Fastest integrated circuit for Big Bang machine
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APCERN scientists control computer screens showing traces on Atlas experiment of the first protons injected in the Large Hadron Collider. The Link-On-Chip, a super-fast integrated chip backing the Hadron Collider has a data transmission rate of 5.8 billion-bits per second. File photo Scientists have developed the fastest-ever integrated circuit to transmit data in the demanding environment of the Large Hadron Collider (LHC) or the Big Bang machine, the world’s largest physics experiment.
The new “link-on-chip” - or LOC serialiser circuit - was designed by physicists at Southern Methodist University (SMU), Dallas, as a component for use in a key experiment of the LHC particle accelerator in Europe.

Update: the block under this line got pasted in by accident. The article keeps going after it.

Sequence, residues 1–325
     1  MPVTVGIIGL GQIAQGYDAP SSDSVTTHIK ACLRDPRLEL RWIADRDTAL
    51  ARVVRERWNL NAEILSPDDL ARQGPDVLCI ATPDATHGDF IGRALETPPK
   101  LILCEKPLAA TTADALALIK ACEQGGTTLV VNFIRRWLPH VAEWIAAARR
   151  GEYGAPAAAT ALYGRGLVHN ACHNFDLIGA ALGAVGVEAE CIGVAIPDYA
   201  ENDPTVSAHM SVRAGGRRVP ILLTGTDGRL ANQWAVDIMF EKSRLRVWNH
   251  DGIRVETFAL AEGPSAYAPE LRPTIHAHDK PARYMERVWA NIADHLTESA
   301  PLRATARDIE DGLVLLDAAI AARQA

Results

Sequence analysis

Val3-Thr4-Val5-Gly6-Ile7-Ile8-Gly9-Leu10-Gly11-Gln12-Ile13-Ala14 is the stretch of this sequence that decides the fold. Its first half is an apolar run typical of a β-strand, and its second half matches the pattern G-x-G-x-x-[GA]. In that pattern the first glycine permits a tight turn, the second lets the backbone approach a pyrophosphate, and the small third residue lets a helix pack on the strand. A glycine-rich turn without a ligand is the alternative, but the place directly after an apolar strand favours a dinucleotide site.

The serialiser transmits data shower from colliding protons in the experiment. With a data transmission rate of 5.8 billion-bits per second, the SMU LOC serialiser represents the first milestone for the SMU-led team.
The LHC, as it’s called, is a massive, high-tech tunnel about 100 metres underground. Within the LHC’s circular, 17-mile-long tunnel, protons travelling at high energy are smashed together and broken apart so physicists worldwide can analyse the resulting particle shower detailed in a flood of electronic data.
Physicists analyse the data to discover answers to unsolved scientific mysteries such as the Big Bang, dark matter, black holes, the nature of the universe and the Higgs particle that gives mass to quarks and electrons.
The LHC is a programme of the Geneva-based international scientific consortium known as the European Organisation for Nuclear Research, or CERN.
The SMU LOC serialiser was perfected over the past three years in the SMU Research Lab for Optoelectronics and ASIC Development in the Department of Physics.
An added feature of the serialiser is that it can operate at cryogenic temperatures and has been tested down to liquid nitrogen...
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